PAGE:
All Abroad: Retailers Head Overseas to Boost Growth
Global markets have been rattled recently by volatily brought on by the European debt crisis, but U.S. retailers are continuing to set their sights on opportunities for growth abroad.
Merchants such asMacy’s Bloomingdale’s chain are entering international markets for the first time. Others are accelerating expansion overseas, as in the Gap’scase, or testing the international waters via e-commerce sites, which is Nordstrom and J.C. Crew’s preferred route.
Not only are some retailers suffering from store saturation stateside, the recession has nudged the retail push into foreign markets, said Hana Ben-Shabat, a partner with A.T. Kearney, the global management-consulting firm.
“The recession has been a very big driver of that,” she said. “The majority of the retail sector in the U.S. has a very low growth rate compared with what you get in emerging markets.”
And although the economy has been improving, there is little indication that consumer spending will bounce back to 2006 or 2007 levels. This was reinforced by the latest batch of retail sales reports, which showed Americans are still spending cautiously.
“If you want to maintain a certain level of sales and year over year growth, you’ve got to look into other markets,” Ben-Shabat said.
What’s more, “retailers realize they have brand equity [overseas] and want to take advantage of that,” said Gil Harrison, founder and chairman of Financo, the boutique investment firm.
To that end, American chains are forging foreign markets organically by opening company-owned stores, or venturing overseas via licensing deals and joint-venture partnerships.
China and India alone represent “huge” growth opportunity for American retailers, Harrison said. Those countries, with a burgeoning more-affluent, middle-class population, have been on retailers’ radar for the last few years, and are among the so called “BRIC” countries — Brazil, China, India and Russia — ripe for growth.
But retailers are also penetrating other markets, thinking about their businesses over the longer term, and testing the waters slowly to mitigate the risks.
A Middle Eastern Opportunity
Bloomingdale’s first international store bowed in Dubai, United Arab Emirates, in February, just a few short months after a debt crisis began in that country.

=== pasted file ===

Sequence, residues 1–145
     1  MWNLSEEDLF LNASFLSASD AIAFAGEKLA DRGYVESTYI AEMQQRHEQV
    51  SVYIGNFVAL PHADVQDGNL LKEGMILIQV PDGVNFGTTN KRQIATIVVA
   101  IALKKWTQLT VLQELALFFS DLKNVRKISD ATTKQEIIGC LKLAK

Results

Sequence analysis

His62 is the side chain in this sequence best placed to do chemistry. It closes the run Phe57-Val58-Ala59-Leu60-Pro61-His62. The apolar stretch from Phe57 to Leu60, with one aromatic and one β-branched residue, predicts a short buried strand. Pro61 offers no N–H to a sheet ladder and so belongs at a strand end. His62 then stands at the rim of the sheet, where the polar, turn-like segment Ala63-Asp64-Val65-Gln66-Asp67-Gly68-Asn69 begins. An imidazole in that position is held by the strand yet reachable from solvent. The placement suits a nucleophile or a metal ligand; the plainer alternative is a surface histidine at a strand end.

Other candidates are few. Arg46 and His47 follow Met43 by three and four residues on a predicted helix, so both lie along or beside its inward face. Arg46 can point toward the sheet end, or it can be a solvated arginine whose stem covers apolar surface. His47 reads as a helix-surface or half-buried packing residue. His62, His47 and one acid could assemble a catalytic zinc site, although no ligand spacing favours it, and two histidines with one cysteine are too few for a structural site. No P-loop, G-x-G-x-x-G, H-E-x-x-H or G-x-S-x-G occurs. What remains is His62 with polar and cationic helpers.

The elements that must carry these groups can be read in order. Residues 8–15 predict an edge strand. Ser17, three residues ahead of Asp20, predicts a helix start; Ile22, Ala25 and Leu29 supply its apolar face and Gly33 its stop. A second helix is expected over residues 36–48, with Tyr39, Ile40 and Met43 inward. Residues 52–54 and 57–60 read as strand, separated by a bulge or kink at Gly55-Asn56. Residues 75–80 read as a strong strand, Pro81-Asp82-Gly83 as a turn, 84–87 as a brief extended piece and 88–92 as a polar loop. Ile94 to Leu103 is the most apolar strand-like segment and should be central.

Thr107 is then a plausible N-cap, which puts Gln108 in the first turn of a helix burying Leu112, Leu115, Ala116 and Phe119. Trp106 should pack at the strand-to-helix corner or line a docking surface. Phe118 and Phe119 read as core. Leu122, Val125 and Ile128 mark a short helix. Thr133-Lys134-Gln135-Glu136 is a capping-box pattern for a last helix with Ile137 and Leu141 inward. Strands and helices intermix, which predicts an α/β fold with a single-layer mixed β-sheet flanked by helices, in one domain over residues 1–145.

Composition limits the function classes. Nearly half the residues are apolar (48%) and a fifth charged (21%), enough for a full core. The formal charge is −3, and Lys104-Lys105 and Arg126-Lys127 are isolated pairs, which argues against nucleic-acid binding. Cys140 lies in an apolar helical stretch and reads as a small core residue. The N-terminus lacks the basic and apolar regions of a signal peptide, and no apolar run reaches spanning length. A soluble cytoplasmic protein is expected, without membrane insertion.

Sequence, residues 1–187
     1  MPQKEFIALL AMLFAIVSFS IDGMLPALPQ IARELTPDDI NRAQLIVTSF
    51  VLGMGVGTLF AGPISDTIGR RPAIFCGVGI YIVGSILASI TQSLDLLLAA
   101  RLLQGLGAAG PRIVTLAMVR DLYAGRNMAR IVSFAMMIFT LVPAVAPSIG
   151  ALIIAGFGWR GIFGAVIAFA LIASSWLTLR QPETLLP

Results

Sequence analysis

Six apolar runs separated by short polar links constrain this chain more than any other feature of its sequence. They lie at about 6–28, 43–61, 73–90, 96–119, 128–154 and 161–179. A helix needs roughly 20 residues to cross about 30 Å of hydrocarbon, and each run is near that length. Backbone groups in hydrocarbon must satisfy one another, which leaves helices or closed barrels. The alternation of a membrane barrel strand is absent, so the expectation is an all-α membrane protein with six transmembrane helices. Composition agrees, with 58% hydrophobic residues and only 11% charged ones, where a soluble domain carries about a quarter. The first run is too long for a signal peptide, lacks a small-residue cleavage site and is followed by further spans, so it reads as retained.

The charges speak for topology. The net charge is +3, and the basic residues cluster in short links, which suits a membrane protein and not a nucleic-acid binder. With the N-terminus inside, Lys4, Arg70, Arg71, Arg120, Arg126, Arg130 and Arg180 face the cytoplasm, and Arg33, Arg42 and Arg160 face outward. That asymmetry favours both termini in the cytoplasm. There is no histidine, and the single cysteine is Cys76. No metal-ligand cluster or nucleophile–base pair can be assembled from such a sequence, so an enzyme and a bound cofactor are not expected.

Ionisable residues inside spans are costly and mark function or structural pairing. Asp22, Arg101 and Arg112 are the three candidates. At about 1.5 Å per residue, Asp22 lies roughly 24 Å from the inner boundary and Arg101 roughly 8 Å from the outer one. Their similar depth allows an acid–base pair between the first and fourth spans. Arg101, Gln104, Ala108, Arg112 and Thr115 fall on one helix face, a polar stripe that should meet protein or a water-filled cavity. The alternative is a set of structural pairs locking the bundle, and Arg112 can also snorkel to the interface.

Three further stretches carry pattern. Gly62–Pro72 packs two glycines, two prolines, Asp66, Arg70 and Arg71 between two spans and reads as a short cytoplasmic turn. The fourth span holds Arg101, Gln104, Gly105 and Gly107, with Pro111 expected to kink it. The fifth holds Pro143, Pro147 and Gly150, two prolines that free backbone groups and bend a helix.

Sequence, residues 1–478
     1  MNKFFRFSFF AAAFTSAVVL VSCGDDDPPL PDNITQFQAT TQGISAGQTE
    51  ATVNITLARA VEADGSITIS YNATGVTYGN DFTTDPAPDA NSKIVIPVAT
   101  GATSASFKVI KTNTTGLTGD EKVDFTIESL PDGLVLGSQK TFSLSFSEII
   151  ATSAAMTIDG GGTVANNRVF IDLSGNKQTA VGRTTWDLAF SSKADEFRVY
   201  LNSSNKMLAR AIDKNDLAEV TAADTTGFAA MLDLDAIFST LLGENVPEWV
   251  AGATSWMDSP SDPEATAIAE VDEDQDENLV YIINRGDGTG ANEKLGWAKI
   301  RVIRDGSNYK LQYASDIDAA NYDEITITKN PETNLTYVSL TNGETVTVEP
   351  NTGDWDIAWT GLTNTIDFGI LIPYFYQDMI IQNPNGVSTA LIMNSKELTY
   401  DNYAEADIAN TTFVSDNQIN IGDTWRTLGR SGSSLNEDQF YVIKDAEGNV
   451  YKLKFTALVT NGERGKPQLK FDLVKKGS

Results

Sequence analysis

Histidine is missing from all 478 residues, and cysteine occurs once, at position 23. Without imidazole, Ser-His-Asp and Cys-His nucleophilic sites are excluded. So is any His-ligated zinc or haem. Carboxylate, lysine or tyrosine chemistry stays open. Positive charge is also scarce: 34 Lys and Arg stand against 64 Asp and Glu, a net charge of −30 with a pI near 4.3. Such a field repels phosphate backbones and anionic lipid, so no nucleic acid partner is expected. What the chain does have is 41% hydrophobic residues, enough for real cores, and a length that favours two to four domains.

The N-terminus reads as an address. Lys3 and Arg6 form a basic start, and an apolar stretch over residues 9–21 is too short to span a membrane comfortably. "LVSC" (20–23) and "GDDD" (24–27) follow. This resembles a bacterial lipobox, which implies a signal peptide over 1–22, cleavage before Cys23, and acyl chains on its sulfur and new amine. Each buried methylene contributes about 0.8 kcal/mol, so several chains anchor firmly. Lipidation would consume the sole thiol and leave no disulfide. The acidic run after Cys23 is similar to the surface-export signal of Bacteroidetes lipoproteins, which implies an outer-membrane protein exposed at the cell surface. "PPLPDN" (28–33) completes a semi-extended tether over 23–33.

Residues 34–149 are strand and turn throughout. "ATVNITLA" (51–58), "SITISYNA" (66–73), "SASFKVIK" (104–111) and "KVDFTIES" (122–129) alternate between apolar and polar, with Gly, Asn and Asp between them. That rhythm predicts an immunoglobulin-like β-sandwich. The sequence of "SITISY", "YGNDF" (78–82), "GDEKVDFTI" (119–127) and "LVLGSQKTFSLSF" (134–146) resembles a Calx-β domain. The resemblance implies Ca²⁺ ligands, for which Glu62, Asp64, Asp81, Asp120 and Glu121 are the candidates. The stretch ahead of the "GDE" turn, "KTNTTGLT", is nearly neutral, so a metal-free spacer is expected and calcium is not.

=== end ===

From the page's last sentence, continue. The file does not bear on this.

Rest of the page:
The store is part of a licensing arrangement with Al Tayer Group, a United Arab Emirates-based operator of luxury stores and brands, including Bvlgari, Dolce & Gabbana and Jimmy Choo.
Housed in the enormous Dubai Mall, the 200,000-square-foot store is designed with some of Bloomingdale’s signature touches, such as its iconic black-and-white checkerboard floor, but Arabic design influences are also sprinkled throughout the store.
Terry Lundgren, chief executive officer of Macy’s, is bullish on the retailer’s first overseas foray. During the company’s annual shareholders meeting in May, he said the store is already contributing to Macy’s corporate earnings.
"We are already talking about the potential to expand in other neighboring countries in the Middle East," with the Bloomingdale's brand and Al Tayer Insignia as a partner, Lundgren said, during the meeting.
Europe and China also are on Macy's radar.
For Gap , the target is China and Italy. The company will debut of the Gap brand in China, and both the Gap and Banana Republic brands in Italy.
The retailer currently operates 178 company-owned and franchised stores in Europe, including the U.K. and France, in addition to 120 units in Japan. And its international expansion will eclipse domestic growth this year. Most of the 65 Gap stores to open in 2010 will be overseas. By contrast, the retailer will close 110 U.S. stores.
Taste for American Brands
The Chinese and Europeans tend to embrace classically American brands abroad, which typically command a higher price in foreign markets than at home, said Christine Chen, a specialty retail analyst with Needham & Company.